on scales from tens to more than 500/h_50 kpc from observations of strong and
weak gravitational lensing, 2} use galaxy-galaxy lensing to measure the shape,
extent, and mass content of the dark-matter halos of both cluster and field
galaxies, and 3} study the color morphology of mergers and the star formation
history of galaxies in a high-density environment. The proposed
observations are
complemented by Chandra observations of all our targets {all 12 awarded, 11
executed to date} which provide independent constraints on the dark matter and
gas distribution in the cluster cores, as well a by extensive groundbased
observations of weak lensing on yet larger scales, galaxy dynamics, and the SZ

WFPC2 9712

Pure Parallel Near-UV Observations with WFPC2 within High-Latitude ACS Survey

In anticipation of the allocation of ACS high-latitude imaging survey{s}, we
request a modification of the default pure parallel program for those WFPC2
parallels that fall within the ACS survey field. Rather than duplicate the red
bands which will be done much better with ACS, we propose to observe in the
near-ultraviolet F300W filter. These data will enable study of the rest-frame
ultraviolet morphology of galaxies at 0<z<1. We will determine the
k-correction, and the location of star formation within galaxies, using a
that is likely to be nearly complete with multi-wavelength photometry and
spectroscopic redshifts. The results can be used to interpret observations of
higher redshift galaxies by ACS.


Resolved halo stellar populations in the Milky Way analogue edge-on galaxy NGC

The stellar halo is one of the fundamental building blocks of galaxies.
ground-based surface photometry has shown that stellar halos exist in some
spiral galaxies, with colours similar to those of the main disk, little else is
known about their stellar populations. We propose to carry out a systematic
study of the halo regions of the edge-on galaxy NGC 891. The resulting deep
colour-magnitude diagrams will be used to infer the mean metallicity of the
bright halo giants at the tip of the RGB and below, and its metallicity spread.
Recently, Zepf et al. {2000} inferred that the halo metallicity of NGC 5907 has
to be low {Fe/H <= -1.7}, with a large stellar M/L ratio. We will be able to
test this hypothesis with much better and deeper data. If we can confirm a
similar halo composition in NGC 891, this would imply that the Milky Way halo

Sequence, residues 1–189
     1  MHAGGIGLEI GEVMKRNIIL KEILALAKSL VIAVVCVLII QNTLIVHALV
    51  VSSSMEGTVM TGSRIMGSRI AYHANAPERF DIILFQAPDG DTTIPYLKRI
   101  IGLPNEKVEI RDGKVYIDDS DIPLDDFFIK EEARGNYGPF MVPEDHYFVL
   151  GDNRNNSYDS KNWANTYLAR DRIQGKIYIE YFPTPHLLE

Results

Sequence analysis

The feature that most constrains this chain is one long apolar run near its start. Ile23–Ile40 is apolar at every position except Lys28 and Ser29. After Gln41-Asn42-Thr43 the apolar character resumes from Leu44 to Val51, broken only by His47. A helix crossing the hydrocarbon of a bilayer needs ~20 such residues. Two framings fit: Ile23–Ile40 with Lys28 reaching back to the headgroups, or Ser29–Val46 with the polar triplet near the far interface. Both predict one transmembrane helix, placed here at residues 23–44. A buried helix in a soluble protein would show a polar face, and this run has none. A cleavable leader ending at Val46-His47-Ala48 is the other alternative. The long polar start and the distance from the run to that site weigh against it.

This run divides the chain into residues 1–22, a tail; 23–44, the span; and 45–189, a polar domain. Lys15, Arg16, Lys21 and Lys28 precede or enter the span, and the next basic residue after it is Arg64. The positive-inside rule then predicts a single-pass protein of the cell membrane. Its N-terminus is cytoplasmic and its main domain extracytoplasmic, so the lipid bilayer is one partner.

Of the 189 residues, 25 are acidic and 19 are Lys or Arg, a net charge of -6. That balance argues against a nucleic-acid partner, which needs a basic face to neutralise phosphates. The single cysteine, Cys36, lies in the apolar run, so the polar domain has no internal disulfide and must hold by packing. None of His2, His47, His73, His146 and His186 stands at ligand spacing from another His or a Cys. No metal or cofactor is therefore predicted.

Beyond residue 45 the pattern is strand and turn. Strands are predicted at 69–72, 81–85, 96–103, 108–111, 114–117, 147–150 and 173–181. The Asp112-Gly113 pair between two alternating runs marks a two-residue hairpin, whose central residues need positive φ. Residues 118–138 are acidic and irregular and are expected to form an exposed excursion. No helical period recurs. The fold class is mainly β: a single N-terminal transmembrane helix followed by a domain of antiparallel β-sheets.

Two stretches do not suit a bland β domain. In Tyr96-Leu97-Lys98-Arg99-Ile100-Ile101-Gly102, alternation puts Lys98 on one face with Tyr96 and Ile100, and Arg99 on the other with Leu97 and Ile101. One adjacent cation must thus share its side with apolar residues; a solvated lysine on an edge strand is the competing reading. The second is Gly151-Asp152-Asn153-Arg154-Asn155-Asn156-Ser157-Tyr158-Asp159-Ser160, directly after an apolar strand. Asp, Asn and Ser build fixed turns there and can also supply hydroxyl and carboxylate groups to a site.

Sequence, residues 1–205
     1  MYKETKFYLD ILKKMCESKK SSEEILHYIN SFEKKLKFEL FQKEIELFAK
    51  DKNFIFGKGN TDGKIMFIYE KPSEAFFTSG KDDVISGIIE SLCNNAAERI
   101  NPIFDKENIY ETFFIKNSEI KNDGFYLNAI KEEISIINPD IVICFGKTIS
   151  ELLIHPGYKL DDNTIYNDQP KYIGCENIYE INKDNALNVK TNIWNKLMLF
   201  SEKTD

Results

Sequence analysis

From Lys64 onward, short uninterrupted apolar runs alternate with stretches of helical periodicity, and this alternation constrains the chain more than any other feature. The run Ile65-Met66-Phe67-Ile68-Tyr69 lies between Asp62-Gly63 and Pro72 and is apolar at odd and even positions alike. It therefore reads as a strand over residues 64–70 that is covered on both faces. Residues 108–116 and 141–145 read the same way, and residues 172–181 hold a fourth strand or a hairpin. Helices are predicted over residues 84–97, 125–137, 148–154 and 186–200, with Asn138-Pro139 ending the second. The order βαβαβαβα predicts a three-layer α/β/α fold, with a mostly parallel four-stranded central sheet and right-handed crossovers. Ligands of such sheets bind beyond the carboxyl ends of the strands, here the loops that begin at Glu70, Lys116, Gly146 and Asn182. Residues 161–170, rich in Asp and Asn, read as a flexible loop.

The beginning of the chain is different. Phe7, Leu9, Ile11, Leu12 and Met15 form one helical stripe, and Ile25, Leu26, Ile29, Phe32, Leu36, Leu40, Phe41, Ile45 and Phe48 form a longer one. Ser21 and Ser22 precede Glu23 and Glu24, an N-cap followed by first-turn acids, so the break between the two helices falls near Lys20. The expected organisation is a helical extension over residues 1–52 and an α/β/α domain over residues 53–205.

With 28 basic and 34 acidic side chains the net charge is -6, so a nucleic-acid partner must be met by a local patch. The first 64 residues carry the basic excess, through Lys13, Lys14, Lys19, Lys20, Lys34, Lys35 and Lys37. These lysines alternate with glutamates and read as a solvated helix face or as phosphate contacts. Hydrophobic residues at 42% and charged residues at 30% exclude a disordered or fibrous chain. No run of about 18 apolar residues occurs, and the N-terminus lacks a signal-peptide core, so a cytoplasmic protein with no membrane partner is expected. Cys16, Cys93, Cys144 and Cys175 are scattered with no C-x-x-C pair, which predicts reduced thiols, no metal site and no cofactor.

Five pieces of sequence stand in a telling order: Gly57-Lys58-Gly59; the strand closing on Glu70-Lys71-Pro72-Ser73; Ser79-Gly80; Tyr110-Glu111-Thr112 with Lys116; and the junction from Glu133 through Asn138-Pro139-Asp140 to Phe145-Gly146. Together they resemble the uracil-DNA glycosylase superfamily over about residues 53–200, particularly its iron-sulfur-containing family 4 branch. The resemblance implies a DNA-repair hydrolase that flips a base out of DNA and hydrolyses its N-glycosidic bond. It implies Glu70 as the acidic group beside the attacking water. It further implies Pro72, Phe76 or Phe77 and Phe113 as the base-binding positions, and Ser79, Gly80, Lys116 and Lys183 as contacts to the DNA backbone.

might be very different from external halos. Since galactic halos trace the
history of galaxy formation, this will have important implications for our
understanding of galactic evolution on cosmological time scales. Using these
survey data, we will be able to conclusively distinguish between genuine halo
objects and merger remnants, without having to assume a scenario in which the
halo field population is fully mixed. Surprisingly, such studies have not yet
been undertaken for NGC 891, although the galaxy is a prime Milky Way

HST 9382

A Large Targeted Survey for z < 1.6 Damped Lyman Alpha Lines in SDSS QSO
MgII-FeII Systems.

We have searched the first public release of SDSS QSO spectra for low-z
metal absorption lines and found over 200 large rest equivalent width MgII-FeII
systems. Previously, we empirically showed that such systems are good
tracers of
large neutral gas columns, with ~50% being classical damped Lyman alpha {DLA}
systems {N_HI>=2*10^20 cm^-2}. Here we propose to follow up a well-defined
subset of 79 of them to search for DLAs with 0.47<z<1.60. Only QSOs brighter
than g’=19 were selected. The QSO emission and DLA absorption redshifts were
constrained to virtually eliminate data loss due to intervening Lyman limit
absorption. Consequently, we expect to discover ~40 new DLAs, which is a
three-fold increase in this redshift interval. This will significantly improve
our earlier low-z DLA statistical results on their incidence, cosmological mass
density, and N_HI distribution. The results will also allow us to better
quantify the empirical DLA — metal-line correlation. With this improved
understanding, the need for follow-up UV spectroscopy will lessen and, with the
release of the final database of SDSS QSO spectra {an ~25-fold increase}, the
number of low-z DLAs could be increased arbitrarily. Thus, the power of the
large and statistically-sound SDSS database in combination with a proven
technique for finding low-z DLAs will, over the next few years, essentially
solve the problem of making an accurate determination of the cosmic
evolution of
the neutral gas component down to z~0.4.


NICMOS Post-SAA calibration – CR Persistence Part 2

A new procedure proposed to alleviate the CR-persistence problem of NICMOS.
frames will be obtained immediately upon exiting the SAA contour 23, and every